The addiction crisis of today is not the same as those that preceded it even 2 years ago, and while there are reasons for concern, CDC director Rochelle Walensky, MD, MPH, told Rx Drug Abuse & Heroin Summit attendees in a session presented Wednesday morning that she also sees reasons for hope.
“We aren’t operating in the dark,” she said. “We are applying the public health tools available to us to understand the epidemic, how it is changing, who is at risk, and where we need to focus our interventions.
“The crisis continues to evolve, and our public health response must be nimble—flexible to changing realities on the ground.”
Among those changing realities has been a transition from a wave of overdose deaths fueled by opioids to those linked to heroin and synthetic opioids in recent years. Today’s substance use crisis is dominated by illicit synthetic opioids, a resurgence of methamphetamine and cocaine, and polysubstance use, Walensky said. She noted a recent CDC study that showed 85% of drug overdose deaths in 24 states involved illicitly made fentanyl, heroin, cocaine and/or methamphetamine.
The evolving illicit drug market has made synthetic opioids, methamphetamine and cocaine more widely available. The mixing of synthetic opioids into illicit supplies of counterfeit prescription medications, methamphetamine and cocaine has put individuals who normally wouldn’t use opioids at high risk for overdose when unknowingly exposed, Walensky said.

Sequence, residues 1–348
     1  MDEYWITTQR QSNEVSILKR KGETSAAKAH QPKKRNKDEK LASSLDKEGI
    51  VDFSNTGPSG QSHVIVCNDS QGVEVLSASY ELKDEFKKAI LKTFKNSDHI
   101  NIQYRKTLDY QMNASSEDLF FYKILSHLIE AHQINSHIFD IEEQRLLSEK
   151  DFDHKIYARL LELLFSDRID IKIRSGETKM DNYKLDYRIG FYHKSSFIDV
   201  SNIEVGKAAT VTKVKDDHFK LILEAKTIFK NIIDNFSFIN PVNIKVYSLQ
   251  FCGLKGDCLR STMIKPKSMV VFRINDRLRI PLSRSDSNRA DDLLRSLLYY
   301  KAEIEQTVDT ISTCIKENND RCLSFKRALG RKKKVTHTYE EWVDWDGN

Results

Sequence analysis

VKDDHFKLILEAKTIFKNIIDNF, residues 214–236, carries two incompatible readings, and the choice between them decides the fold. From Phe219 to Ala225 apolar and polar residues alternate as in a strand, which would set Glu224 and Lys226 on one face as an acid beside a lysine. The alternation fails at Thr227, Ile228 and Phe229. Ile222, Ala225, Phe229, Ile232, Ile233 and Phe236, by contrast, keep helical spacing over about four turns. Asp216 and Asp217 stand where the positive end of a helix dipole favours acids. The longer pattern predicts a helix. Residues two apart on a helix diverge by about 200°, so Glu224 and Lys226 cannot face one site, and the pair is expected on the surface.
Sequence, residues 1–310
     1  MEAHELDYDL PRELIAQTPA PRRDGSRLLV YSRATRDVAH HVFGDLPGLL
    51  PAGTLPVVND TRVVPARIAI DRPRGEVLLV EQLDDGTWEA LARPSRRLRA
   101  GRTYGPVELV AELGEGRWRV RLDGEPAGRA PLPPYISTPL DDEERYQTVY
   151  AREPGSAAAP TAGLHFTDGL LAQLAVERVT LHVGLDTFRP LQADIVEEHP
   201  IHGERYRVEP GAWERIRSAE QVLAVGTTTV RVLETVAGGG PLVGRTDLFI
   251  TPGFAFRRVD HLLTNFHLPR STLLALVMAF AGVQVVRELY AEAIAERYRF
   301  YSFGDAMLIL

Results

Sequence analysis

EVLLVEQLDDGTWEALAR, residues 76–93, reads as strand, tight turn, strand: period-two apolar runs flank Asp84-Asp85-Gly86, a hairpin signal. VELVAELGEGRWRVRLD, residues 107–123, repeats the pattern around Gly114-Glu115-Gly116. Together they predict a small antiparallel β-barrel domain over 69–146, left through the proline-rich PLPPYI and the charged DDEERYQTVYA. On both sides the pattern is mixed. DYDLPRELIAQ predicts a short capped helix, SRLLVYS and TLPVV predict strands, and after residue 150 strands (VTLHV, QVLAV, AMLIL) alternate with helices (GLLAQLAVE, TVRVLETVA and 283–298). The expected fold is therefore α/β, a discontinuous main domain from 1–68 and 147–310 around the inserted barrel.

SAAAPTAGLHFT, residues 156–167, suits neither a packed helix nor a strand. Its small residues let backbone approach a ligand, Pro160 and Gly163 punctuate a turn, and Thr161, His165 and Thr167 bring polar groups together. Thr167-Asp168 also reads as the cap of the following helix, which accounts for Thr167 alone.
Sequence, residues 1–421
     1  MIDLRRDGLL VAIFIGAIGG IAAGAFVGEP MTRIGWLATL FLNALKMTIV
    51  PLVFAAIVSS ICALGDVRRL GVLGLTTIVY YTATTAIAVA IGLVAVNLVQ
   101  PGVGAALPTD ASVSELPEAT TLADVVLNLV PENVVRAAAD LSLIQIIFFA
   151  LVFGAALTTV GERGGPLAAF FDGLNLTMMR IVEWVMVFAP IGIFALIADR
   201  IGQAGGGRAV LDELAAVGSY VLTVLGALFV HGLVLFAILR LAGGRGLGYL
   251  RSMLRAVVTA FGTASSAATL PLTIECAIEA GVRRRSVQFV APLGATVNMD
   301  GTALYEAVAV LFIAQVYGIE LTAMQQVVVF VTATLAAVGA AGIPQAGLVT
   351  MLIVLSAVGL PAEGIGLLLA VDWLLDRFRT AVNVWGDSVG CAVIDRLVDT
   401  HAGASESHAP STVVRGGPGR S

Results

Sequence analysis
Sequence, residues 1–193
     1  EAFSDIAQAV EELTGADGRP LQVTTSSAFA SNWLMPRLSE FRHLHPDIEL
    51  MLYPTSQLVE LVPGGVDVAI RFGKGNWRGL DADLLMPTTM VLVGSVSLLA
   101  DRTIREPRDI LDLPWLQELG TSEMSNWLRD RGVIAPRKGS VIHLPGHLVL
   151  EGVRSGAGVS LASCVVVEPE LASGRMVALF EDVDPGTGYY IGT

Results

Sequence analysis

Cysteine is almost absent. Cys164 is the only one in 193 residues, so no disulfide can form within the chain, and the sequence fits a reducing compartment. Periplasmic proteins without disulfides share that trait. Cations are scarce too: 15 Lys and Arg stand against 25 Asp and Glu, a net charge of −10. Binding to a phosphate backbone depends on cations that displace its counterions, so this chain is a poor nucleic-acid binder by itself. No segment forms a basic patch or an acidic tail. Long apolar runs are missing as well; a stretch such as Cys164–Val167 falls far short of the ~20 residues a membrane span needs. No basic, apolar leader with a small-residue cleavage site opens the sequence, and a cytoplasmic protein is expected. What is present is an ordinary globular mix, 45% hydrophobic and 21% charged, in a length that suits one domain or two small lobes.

Public health officials, however, know more now about risk and protective factors, and it is time “to translate this knowledge into action and into our communities,” she said. One area of focus for CDC is the prevention of adverse childhood experiences (ACEs). Two decades of research show a strong link between ACES and increased risk for substance use, Walensky said. To that end, CDC has released a prevention resources that includes evidence-based strategies for ACE prevention that communities can adopt as part of their substance use prevention efforts.
CDC is also working with state, local, tribal and territorial partners to enhance linkages to care and capitalize on new public health strategies to ensure people are connected treatment and recovery services, especially at high-risk times, such as after a non-fatal overdose, when being treated in ED, and when re-entering the community after incarceration, Walensky said.
On the harm reduction front, the agency is working with public health departments and other partners to scale up syringe service programs, expand use of naloxone, and enhancing other strategies.
“Taking this comprehensive approach is essential because it allows us to address the immediate challenge of rising overdose deaths while simultaneously working hard to prevent future substance use addiction and overdose,” Walensky said.